Tennis legends John McEnroe and Chris Evert discussed Novack Djokovic’s deportation from Australia during a television interview on Sunday, prompting McEnroe to step back after learning about Djokovic’s actions while deliberately infected with COVID-19.
During a discussion with ESPN’s Chris McKendry, McEnroe called the test of Djokovic’s vaccine status ahead of the Australian Open “total and utter chaos.”
He described it as an “absolute joke.”
“It’s sad the way it ended,” McEnroe said. “I actually wrote to Novak during this, it’s totally BS.”
Djokovic, the best tennis player in the world, was deported from Australia on Sunday after losing his appeal to stay in the country while unvaccinated against COVID-19.
The Australian government considered Djokovic a health risk, but Djokovic said he had a medical exemption and was approved to travel to the country for the Open.
The back-and-forth drama lasted days after Djokovic’s visa was originally canceled on January 6. But after a court ruled that Djokovic could stay, Australian Immigration Minister Alex Hawke used his powers to deport the tennis star.
Djokovic is the most winning player at the Australian Open and should win his record 10th title at the tournament. This setback will also prevent him from winning a record-breaking 21st Grand Slam title. His deportation order will ban him from the country for three years.
McEnroe praised Djokovic for his passion and called him “courageous” to hold on to his faith and fight for his chance to make history in the tournament.
Evert accused the debacle of an “interruption” between tennis authorities, local governments and federal officials and criticized the authorities for being “creepy” and dragging the case out.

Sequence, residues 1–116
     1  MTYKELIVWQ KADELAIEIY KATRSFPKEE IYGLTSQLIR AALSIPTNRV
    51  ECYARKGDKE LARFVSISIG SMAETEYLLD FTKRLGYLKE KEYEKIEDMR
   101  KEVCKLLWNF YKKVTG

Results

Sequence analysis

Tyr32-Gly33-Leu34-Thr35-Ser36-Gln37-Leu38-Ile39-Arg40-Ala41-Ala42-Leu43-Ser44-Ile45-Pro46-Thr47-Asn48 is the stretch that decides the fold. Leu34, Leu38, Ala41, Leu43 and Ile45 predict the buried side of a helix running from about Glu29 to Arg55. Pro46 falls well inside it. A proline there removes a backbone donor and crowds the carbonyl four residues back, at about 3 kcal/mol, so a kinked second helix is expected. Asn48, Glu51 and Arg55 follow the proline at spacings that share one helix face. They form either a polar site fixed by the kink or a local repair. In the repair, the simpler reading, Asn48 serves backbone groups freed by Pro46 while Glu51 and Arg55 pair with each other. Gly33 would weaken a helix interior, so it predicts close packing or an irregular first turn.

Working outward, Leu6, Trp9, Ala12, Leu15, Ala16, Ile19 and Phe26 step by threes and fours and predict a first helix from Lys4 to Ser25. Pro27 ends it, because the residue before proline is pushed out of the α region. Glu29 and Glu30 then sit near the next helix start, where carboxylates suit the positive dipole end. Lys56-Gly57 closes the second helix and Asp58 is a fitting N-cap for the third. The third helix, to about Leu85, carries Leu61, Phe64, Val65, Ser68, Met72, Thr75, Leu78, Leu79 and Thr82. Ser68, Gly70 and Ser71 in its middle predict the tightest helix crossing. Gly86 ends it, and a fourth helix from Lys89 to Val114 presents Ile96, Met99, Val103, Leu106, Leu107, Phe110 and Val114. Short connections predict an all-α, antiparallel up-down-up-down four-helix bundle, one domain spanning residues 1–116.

Evert said Djokovic was “misled” into believing his medical exemption was approved, noting the possible role that politics plays in the decision. However, she ultimately agreed with the decision.
“Ultimately, no one is above the law,” she said. “And there should be no one exempt from the laws, especially when it comes to health and safety in the country.”
The conversation then turned to Djokovic’s actions after he knew he was COVID-positive, and his “mistake” in filling out travel forms.
Djokovic said he mistakenly marked “no” on a form asking if he was traveling within 14 days of landing in Australia. He also sat for an interview and photoshoot for a French newspaper in December while deliberately infected with COVID, according to the Associated Press.
McKendry said Djokovic’s behavior “came back to get him” during the second hearing, noting how he behaved, knowing he was infected, “worried” the court.
McEnroe was unsure of the details, but McKendry clarified that Djokovic himself confirmed the incident, calling it “a misjudgment.”
Evert said it is “borderline criminal” to deliberately expose someone to COVID.
After learning this information, McEnroe apparently eased back on his fierce defense of Djokovic.
“I understand,” McEnroe said. “Well it hurts, it hurt him.”
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